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Why I Use Windows 7 over Linux on my main PC

I’m going to start off my new series of articles about Linux with a post about Windows. Yes, that’s right, Windows. And it’s not going to be an article talking about how terrible Microsoft is, or how Bill Gates is the anti-Christ. It’s an article on why I use Windows as my main operating system.

Up until a few years ago, Linux and Windows were like night and day. Two very different creatures that required very different software to do the same thing. You could use Microsoft Office on Windows, but had to use Star Office or OpenOffice on Linux. There were very few Linux-native video games, image editing and creation was limited to mostly GIMP which left Photoshop users wanting, and there was no decent Flash plugin for Linux either.

Since then we’ve drastically changed how we use computers. This is mostly because of “The Cloud.” I’m writing this post in Google docs right now, and I’ll just copy & paste it into my G+ stream when I’m done. This allows me to work on it from any computer at any place. I mean, let’s be honest, how many of you use your computer for more than a glorified web browser most of the time?

Even though the way we use computers has changed, just about everything I do on Windows I can now do on Linux, and Linux has gotten easier to use with “desktop distributions” like Ubuntu, Mint, Jolicloud, and a few others, I still prefer to use Windows on my main OS. I can play the games I love through Wine or any of it’s various forked projects and I can run most of my .Net applications through Mono, There is still one main reason I use Windows:

Windows just “works.”

I know, shock, horror, blasphemy, etc. etc. Linux is a tinkerer’s OS. I don’t want to have to spend 3-4 hours configuring and troubleshooting things just so I can play a video game. In 15 years I have never used a distribution of Linux that I didn’t have to Google a solution for at least a few times a week. Many years ago I was OK with that, but now that I’m older I just want stuff to work.

Now my problems here may stem with the fact that I work with Linux every day, as my entire livelyhood is based around it. I spend hours every day tweaking, updating, adjusting, changing, backing up, restoring and scripting things in Linux all for a paycheck. When it’s time to relax I don’t want to do it all over again just so I can play Eve Online.

Don’t get me wrong, I absolutely love what I do and I wouldn’t trade it for the world. About 5 years ago I gave in and quit my job so I could focus on being a Linux Sysadmin full time from home. So far it’s working out pretty well. I made enough money that I was able to sell the small shack I lived in and buy a nice 4 bedroom (ok, 2 bedroom, 2 office), 2 1/2 bath house with a finished basement. My wife occasionally wants to kill me because I’m around way too much,and the 24-36 hour “I need 12 servers set up by Friday” marathons are murder but I don’t think I’d ever go back to a traditional job. I like being able to take a vacation almost whenever I want way too much.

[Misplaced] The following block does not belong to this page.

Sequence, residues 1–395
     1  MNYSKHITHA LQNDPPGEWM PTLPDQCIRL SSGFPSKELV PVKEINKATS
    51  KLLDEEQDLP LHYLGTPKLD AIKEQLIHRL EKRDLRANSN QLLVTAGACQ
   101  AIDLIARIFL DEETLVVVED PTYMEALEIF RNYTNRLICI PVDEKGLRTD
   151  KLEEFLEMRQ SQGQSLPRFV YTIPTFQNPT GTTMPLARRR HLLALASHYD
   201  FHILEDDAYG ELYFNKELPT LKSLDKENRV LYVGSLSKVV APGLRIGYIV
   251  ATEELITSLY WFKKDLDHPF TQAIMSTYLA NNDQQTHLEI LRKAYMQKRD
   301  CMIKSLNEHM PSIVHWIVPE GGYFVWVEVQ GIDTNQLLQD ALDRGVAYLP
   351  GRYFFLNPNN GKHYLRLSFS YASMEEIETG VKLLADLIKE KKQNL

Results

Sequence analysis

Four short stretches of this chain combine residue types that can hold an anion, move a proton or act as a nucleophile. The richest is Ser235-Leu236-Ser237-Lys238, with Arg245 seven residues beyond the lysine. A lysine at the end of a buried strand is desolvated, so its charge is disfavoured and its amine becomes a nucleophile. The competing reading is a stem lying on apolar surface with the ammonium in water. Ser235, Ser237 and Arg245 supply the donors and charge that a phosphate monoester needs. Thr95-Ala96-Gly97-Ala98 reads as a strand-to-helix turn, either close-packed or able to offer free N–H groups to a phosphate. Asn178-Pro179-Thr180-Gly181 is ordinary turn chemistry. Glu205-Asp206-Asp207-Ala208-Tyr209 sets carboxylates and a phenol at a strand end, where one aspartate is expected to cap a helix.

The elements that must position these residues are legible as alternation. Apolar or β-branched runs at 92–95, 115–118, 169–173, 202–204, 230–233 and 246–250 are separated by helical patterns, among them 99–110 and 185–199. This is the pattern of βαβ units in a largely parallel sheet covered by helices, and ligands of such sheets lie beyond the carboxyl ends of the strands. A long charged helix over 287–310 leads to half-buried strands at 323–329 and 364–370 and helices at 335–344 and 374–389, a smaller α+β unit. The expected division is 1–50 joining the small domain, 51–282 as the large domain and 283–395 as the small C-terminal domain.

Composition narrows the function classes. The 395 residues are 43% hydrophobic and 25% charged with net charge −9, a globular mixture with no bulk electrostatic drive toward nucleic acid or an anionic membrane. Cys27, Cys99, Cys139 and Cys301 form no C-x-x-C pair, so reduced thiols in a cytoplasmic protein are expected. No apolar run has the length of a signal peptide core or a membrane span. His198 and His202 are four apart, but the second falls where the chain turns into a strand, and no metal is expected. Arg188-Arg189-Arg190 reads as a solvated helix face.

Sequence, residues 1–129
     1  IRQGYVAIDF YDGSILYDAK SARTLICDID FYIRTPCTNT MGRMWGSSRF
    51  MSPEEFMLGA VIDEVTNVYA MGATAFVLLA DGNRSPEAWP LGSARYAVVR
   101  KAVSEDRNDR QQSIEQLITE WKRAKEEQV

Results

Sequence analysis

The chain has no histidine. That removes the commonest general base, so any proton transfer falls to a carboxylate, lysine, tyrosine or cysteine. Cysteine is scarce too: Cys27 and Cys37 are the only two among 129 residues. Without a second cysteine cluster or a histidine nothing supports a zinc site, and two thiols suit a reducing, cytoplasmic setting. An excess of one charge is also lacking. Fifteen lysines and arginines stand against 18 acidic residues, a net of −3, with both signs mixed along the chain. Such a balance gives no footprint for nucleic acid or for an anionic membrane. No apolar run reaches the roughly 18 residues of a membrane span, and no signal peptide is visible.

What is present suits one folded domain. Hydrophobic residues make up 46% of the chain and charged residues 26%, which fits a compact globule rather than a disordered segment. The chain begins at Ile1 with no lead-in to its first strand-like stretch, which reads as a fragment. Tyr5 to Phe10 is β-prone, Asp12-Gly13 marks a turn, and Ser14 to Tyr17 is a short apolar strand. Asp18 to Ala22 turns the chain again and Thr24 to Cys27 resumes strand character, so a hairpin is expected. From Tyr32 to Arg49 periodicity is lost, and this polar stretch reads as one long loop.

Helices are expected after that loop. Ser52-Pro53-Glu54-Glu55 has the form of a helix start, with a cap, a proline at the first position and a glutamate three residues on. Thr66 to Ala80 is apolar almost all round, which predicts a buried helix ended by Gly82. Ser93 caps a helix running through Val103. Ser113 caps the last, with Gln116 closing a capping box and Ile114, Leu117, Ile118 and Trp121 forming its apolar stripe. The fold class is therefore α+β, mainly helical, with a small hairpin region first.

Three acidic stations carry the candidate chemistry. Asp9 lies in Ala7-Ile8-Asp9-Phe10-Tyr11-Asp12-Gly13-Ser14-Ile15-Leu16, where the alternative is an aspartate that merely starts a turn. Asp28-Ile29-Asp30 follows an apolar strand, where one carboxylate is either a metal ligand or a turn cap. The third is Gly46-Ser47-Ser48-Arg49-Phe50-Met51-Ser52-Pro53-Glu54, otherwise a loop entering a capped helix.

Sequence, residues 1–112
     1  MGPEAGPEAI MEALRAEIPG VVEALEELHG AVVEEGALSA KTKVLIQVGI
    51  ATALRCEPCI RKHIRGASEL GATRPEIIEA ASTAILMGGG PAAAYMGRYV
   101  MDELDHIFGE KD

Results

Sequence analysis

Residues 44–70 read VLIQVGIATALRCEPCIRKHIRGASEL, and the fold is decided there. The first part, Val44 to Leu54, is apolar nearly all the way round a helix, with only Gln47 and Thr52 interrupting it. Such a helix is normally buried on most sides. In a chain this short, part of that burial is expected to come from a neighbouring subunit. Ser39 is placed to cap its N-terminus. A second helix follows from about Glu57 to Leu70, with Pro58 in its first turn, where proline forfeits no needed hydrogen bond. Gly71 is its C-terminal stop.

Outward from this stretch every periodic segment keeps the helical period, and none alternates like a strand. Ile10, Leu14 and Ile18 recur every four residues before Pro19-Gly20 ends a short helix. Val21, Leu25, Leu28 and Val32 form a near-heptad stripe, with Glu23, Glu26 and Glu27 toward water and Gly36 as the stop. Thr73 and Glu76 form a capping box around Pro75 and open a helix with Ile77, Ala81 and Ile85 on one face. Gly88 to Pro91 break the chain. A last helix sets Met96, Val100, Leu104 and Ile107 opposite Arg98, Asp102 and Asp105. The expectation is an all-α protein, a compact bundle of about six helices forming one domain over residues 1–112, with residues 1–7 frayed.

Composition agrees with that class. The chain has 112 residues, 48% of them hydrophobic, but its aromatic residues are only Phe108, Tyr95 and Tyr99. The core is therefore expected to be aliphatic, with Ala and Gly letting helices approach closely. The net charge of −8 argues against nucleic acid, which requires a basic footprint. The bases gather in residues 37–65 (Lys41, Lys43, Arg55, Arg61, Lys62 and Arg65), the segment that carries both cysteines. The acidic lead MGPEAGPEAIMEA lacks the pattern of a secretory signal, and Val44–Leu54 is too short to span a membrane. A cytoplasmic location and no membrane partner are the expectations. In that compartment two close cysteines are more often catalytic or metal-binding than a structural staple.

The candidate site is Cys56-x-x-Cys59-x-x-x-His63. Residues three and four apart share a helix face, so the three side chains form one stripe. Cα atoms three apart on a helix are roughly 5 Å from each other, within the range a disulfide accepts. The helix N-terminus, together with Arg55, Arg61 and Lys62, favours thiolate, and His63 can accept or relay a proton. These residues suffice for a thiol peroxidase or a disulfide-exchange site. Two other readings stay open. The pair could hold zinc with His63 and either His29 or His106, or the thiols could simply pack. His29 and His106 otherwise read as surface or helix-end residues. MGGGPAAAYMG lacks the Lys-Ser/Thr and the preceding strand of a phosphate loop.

On the other hand, I’m still a tinkerer by nature. I do have 3 other machines that run Linux, Ubuntu on an ancient laptop which is hooked up to my 3rd monitor (I use it strictly for an Instant Messaging client), Ubuntu on my netbook, and a version of Slackware (called unRAID) which functions as a 6TB fileserver for my home network.

Windows is not without it’s problems. My current installation has about 2 years on it, and my AppData folder (where most programs keep their settings) is from my original XP installation. My computer is in desperate need of a reformat and reinstall but it still does what I want it to do when I want it to.

So I guess it all boils down to the fact that I am a very, very lazy person. I don’t want to do any more “work” than I have to. Windows lets me get away with that. If I really want to tinker I can (and have) set up virtual machines with VMWare or VirtualBox, or I can play around with one of the other easily wipe-able machines in my home.

  • Rathie

    I’m the other way. I use Linux as my main OS because it works whereas with Windows I’m constantly having to reboot, reinstall, redo the set up. In the past two months I’ve had to reformat the boot sector on the Windows machine because hal.dll was corrupted; I’ve had to reinstall the OS as windows explorer decided to crash with fatal errors at least once an hour, I won’t even mention the trouble that I have to go through because the OS keeps ‘forgetting’ that it really does have the drivers for my video card. I keep my anti-virus and anti-malware software up to date as well as the usual Windows updates.

    My Linux machine on the other hand, usually has an uptime in excess of 60 days. Updates take place seamlessly and usually without the need to re-boot (unless there is a kernel update) as the individual services can be stopped and started and the machine does almost everything that I want it to do (sadly Command and Conquer doesn’t seem run under Wine).